176 Alliaceae/Onions

Sand Leek Allium scorodoprasum Size and deScription Bulbous perennial to 1m tall, with cylindrical stems and 2–4 long and flat sheathing leaves. Flowers are bell-shaped, pink or white, and arranged in terminal clusters of 5–20, enclosed by two papery sheaths. Also called Giant Garlic, Rocambole and Spanish Garlic. diStribution Locally distributed on banks, rough grassland and scree edges in central and eastern Europe, including Britain. uSeS Bulbs can be used like garlic, and have a milder flavour.


Alliaceae/Onions 177

chives Allium schoenoprasum

Size and deScription Tuft-forming perennial to 40cm tall, with narrowly conical bulbs less than 1cm in diameter attached to a short rhizome. Stem and 1–2 slender leaves are cylindrical and hollow. Flowers are lilac to pale purple, or rarely white, bellshaped and crowded in a dense umbel. diStribution Occurs in most of the northern hemisphere, and widely cultivated. uSeS Milder and more delicate flavour than that of the related onions, and useful in egg dishes, salads, soups and soft cheeses. Finely chopped leaves rather than the bulbs are used, and are best added to dishes at the end of cooking in order for their flavour to be retained.


178 Alliaceae/Onions

Wild Garlic Allium vineale Size and deScription Perennial to 60cm tall. Leaves are slender and hollow tubes that are grey-green in colour. Flowers are long-stalked, and are arranged in clusters protected by papery sheaths. Also called Crow Garlic. diStribution Native to Europe, north Africa and western Asia, growing in dry grassland and on roadside verges. uSeS All parts of the plant have a strong garlic odour. Sometimes used as a substitute for garlic. Leaves can be freshly chopped into salads and dressings, and go well with seafood and lamb. Flowers may be dipped in batter and deep-fried, or added to salads. Bulbs can be used in the same way as those of cultivated garlic.


Asparagaceae/Asparaguses 179

Lily-of-the-valley Convallaria majalis Size and deScription Perennial to 25cm tall. Leaves are ovate, arising from a creeping rhizome, their sheathing bases forming the stem. Bell-shaped flowers are white or pink, fragrant and carried on an erect spike. Also called May Lily, Lady’s Tears and May Bells. diStribution Native to the cool temperate northern hemisphere in Europe and north-east Asia, and a common garden plant. uSeS Leaves contain cardiac glycosides similar to those in Foxglove (page 144), and have a similar effect in regulating and strengthening the heartbeat. An essential oil from the flowers is used in perfumery and other scented products, such as soaps and hand lotions. All parts of the plant are poisonous and should only be used under medical supervision.


180 Iridaceae/Irises

Saffron Crocus sativus Size and deScription Autumn-flowering plant with grass-like leaves that appear before the flowers. These are goblet-shaped, and lilacpurple with a yellowish throat; the prominent three-branched style is orange. Also called St Valentine’s Rose. diStribution Does not exist in the wild. Possibly of eastern Mediterranean origin, selectively developed from C. cartwrightianus in ancient times. uSeS Well-known food dye imparting a sweet aroma and an orange-yellow colour to rice dishes, soups and cakes. Only the large styles are used, and at least 60,000 flowers are needed to yield a pound of Saffron. As a result, it has always been expensive, and today inferior substitutes such as Turmeric (page 185) are often used instead.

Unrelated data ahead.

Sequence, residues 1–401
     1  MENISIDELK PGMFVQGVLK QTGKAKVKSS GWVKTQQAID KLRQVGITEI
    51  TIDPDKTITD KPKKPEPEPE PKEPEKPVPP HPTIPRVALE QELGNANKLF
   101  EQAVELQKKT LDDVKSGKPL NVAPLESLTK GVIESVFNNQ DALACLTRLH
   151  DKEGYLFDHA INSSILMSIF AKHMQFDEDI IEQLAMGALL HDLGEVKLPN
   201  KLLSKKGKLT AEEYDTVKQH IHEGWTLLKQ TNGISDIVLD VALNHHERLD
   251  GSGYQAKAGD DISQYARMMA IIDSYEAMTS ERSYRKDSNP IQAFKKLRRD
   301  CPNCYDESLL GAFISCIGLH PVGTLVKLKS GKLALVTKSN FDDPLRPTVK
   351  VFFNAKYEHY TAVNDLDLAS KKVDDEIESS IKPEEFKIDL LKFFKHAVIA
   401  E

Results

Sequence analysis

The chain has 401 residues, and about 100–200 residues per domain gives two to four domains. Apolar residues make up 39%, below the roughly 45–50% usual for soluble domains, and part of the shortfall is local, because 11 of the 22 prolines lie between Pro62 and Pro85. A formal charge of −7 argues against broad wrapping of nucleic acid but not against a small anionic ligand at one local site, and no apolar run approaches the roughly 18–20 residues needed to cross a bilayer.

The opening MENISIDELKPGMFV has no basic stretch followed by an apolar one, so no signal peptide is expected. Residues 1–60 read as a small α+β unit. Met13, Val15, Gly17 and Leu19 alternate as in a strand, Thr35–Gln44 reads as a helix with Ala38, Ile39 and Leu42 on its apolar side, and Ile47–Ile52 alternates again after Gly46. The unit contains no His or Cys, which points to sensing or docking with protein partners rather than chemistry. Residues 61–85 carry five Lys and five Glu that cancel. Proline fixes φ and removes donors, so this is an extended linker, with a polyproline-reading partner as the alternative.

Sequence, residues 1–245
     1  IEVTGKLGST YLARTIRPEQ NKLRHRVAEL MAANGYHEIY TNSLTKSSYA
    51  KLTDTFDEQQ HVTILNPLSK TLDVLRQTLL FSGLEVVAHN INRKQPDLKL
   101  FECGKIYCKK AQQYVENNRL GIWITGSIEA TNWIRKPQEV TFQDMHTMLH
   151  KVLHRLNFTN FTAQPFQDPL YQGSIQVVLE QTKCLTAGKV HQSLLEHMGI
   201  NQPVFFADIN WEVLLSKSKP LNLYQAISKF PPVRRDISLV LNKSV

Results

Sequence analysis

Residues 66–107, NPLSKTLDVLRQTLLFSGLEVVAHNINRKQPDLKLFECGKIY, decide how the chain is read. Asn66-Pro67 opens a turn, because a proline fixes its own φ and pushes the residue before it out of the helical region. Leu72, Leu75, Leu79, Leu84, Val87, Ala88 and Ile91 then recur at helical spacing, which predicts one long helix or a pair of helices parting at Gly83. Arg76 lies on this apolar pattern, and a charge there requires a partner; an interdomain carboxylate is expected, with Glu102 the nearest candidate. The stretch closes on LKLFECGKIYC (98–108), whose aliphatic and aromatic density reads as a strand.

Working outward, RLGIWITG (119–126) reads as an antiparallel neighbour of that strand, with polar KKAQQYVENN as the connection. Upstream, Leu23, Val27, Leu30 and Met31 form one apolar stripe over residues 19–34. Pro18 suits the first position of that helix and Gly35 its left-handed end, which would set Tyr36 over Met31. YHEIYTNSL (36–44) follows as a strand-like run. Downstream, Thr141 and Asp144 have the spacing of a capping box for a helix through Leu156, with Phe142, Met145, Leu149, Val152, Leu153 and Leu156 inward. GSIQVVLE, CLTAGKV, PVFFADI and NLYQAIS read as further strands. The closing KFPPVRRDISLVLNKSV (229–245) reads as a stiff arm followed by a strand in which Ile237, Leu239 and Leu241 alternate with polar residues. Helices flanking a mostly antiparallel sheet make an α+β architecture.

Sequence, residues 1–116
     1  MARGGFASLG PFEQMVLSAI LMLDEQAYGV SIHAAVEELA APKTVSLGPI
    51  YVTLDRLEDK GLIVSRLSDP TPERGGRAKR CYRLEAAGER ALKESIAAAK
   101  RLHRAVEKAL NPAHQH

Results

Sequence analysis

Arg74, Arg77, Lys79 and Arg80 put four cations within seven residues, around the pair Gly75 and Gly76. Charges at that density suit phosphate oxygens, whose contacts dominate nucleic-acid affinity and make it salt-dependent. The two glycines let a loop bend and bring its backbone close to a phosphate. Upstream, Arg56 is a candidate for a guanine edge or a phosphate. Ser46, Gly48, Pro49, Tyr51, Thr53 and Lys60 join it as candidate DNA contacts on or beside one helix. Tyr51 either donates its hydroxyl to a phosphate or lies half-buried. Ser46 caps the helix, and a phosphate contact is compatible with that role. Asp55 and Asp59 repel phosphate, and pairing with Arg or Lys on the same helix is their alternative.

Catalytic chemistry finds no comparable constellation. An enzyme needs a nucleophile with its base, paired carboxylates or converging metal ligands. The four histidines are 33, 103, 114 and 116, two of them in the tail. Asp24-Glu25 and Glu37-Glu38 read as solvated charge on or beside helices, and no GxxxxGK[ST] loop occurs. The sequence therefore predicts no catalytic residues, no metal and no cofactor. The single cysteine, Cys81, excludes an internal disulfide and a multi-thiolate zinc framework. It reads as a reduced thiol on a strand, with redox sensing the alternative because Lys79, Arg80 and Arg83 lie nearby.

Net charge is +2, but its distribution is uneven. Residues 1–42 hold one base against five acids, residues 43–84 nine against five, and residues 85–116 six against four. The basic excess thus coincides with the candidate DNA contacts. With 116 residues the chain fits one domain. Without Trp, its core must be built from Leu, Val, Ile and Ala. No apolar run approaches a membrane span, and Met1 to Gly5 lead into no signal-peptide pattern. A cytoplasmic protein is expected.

Poaceae/True Grasses 181

Lemon Grass Cymbopogon citratus Size and deScription Clump-forming aromatic perennial with flowering stems to 2m tall. Leaves are to 60cm long, and tapered at both ends. Flowers are carried in a large plume-like panicle with a drooping tip. Also called Serai and Squinant. diStribution Native to southern India and Sri Lanka, and widely cultivated in the tropics and occasionally elsewhere. uSeS Strongly scented leaves are popular in culinary use for imparting a lemon flavour to dishes. Tea made from the fresh leaves is reputed to help the digestion and elevate mood. Scent is due to the presence of citral, and oil distilled from the plant is used in the perfume industry and in the artificial synthesis of vitamin A. Also used as an insect repellent.


182 Poaceae/True Grasses

couch Grass Elytrigia repens Size and deScription Dullto bluish-green perennial with tough, farcreeping rhizomes. Flowering spikes are to 2m long, slender, unbranched and composed of paired spikelets arranged alternately. Fruits are small dry nutlets. Also called Twitch, Dog Grass, Quackgrass and Witchgrass. diStribution Common and widespread in maritime grassland in many regions of the northern hemisphere, becoming invasive in some places. uSeS Used in herbal medicine since Classical Greek times. Pale rhizomes are used to produce a tea or decoction. A diuretic rich in minerals and vitamins A and B, the herb has antibiotic properties and is used for kidney stones and other urinary tract complaints.


Acoraceae/Duckweeds 183

Sweet-flag Acorus calamus Size and deScription Perennial to 1m tall. Leaves are linear, with wavy margins, and aromatic when crushed. Flowers are yellowish-green, tiny and packed into a compact up-curved spike. diStribution Native to southern and eastern Asia, and naturalized in Europe. uSeS Used since ancient times. Sweetscented roots are used in herbal medicine and perfumery. May reduce stomach acidity and benefit the digestion. Also used as an expectorant, and to ease various respiratory ailments. Some strains contain a carcinogen, absent from other strains, and the herb should not be used without consulting a qualified medical practitioner.


184 Zingiberaceae/Gingers